A consort danced on temper’s edge, but seldom felt the cut. Not like a pleasure slave did. And that tiny question that kept flickering on the edges of Jared’s mind flashed to the front. Howwould the Gray Lady treat a consort . . . or a pleasure slave?

    That thought stirred a memory.

    “When I was fourteen,” Jared said, “the Province Queen came to our village. Can’t remember why now, or why she wasn’t accompanied by the District Queen.” He frowned, trying to remember. “Maybe that was the year the former Queen stepped down and the new one wanted to see everything in her territory. Anyway, all the boys old enough to have begun formal training but still too young to be allowed to stand with the men had decided to wait on the main street, just in case we could be of service.”

    Brock grinned at him in perfect understanding.

    “My father is the Warlord of Ranon’s Wood, so he was the Lady’s escort while she was there. He had gone to the official landing place outside of Ranon’s Wood to meet her Coach and wasn’t home when I came downstairs, dressed in my best clothes. I casually told my mother I was going to meet a couple of friends—which was true since we were all going to be on the main street. She never said a word about my clothes, never asked where I was going. She just smoothed my collar and said, equally casual, that my younger brothers would be staying home with her that day.

    “Ranon’s Wood is a fair-sized village, but there weren’tthat many boys within that age group, so we all had a little piece of the walkway on either side of the street staked out as our territory. At the time, I thought we’d just been clever enough not to draw the notice of the older youths. I learned much later that they’d been asked to stay in the background unless specifically summoned.”

    “If your father wasn’t there, who’d have that much influence?”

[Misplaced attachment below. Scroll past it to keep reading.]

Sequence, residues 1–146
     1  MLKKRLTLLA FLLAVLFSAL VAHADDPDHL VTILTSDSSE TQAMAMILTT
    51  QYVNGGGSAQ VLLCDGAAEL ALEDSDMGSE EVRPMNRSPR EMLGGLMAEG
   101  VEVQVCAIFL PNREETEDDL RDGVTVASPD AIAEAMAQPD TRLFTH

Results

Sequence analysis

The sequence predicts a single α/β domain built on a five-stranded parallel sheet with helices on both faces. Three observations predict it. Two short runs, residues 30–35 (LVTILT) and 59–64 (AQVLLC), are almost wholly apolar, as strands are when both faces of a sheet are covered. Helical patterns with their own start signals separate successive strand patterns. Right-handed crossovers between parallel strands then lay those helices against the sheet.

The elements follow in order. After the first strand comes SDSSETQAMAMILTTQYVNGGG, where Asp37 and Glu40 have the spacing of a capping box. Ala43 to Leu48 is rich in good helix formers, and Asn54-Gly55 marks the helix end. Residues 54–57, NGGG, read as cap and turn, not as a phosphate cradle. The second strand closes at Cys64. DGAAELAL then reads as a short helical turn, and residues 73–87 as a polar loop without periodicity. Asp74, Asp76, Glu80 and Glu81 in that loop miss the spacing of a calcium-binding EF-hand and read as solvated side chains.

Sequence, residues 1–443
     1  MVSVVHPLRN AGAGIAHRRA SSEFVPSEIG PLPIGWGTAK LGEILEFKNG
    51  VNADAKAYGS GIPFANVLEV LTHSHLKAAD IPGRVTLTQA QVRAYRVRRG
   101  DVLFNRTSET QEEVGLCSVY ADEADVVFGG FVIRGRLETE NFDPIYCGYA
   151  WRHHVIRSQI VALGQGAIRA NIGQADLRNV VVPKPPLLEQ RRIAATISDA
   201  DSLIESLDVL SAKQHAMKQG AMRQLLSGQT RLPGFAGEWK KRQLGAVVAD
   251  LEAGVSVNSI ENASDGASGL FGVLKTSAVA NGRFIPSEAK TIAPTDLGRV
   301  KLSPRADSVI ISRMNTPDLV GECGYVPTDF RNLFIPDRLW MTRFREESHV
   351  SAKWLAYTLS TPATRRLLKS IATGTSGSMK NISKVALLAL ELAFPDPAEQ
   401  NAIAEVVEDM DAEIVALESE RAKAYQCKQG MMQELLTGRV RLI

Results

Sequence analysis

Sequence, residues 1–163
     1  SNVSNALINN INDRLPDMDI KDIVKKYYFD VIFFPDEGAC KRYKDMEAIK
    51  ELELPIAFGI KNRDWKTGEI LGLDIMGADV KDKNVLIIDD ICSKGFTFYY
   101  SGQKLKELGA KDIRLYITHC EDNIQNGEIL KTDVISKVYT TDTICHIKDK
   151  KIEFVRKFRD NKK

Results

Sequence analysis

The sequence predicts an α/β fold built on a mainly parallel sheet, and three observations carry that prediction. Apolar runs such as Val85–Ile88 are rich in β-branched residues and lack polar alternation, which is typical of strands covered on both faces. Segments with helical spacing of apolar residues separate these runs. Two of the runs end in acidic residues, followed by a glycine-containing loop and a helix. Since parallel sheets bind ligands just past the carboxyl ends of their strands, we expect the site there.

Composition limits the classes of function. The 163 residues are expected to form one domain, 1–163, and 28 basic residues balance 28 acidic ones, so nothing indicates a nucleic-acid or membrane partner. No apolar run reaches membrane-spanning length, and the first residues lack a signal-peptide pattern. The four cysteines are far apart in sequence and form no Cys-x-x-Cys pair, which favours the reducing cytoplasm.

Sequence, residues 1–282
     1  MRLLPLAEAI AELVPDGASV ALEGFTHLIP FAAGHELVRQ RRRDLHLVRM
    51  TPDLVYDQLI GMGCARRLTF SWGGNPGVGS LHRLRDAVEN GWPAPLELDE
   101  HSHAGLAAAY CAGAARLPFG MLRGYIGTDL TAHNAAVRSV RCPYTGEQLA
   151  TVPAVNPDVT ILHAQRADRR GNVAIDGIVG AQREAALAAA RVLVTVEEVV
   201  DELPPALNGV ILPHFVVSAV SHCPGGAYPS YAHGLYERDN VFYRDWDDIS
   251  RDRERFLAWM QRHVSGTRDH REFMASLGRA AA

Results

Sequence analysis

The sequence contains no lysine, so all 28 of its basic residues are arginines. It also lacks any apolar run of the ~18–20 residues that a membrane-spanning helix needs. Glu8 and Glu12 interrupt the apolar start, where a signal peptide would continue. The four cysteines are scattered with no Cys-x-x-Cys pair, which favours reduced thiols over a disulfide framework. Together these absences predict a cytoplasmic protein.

“My mother. She’s a Healer.” Warmed by the memory that was now as bittersweet as all of his memories of Reyna, Jared’s voice swelled with unmistakable pride.

    Brock nodded, silently respectful.

    “My father’s eyes glazed when the carriage reached the beginning of the main street and he saw all of us spread out like that. But the Queen ordered the carriage to stop and said she wanted to walk a bit. And walk she did. I was the first one on that side of the street, and my father, may the Darkness embrace him, never said a word. I don’t know what the Queen was thinking, but I saw her glance at the street and immediately offered to escort her across so she wouldn’t get run over by another carriage—not that there were any carriages moving on the street. She accepted my hand, and I led her across. Except then her official escort was on one side of the street and she was on the other. Naturally, the nearest boy offered to escort her back across.

    “She never laughed at us, never gave us the slightest impression that there was something odd about being shepherded back and forth as she slowly made her way up the street. The last boy at the top of the street handed her back to my father, who had been keeping pace, and he took her into the coffeehouse.

    “To this day, I have no idea where he was supposed to have taken her or if she got any refreshment before he slipped her out the back door to avoid more assistance.” Jared smiled.

  • Romance | Fantasy | Vampire